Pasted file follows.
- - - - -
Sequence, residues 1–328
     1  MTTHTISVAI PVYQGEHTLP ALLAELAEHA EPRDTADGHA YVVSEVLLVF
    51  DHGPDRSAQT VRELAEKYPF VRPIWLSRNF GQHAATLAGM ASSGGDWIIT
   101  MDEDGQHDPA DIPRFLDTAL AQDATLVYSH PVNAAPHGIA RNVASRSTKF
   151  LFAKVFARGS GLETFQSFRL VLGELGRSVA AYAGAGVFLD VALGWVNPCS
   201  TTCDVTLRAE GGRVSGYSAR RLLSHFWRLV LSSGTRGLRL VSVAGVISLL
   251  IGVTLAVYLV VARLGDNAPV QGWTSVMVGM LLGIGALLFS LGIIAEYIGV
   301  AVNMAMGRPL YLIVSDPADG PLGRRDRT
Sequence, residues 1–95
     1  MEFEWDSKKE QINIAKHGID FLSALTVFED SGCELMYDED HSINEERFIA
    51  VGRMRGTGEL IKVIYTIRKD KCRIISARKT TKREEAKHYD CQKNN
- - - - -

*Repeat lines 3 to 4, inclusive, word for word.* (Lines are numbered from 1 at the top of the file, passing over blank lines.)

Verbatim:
    51  DHGPDRSAQT VRELAEKYPF VRPIWLSRNF GQHAATLAGM ASSGGDWIIT
   101  MDEDGQHDPA DIPRFLDTAL AQDATLVYSH PVNAAPHGIA RNVASRSTKF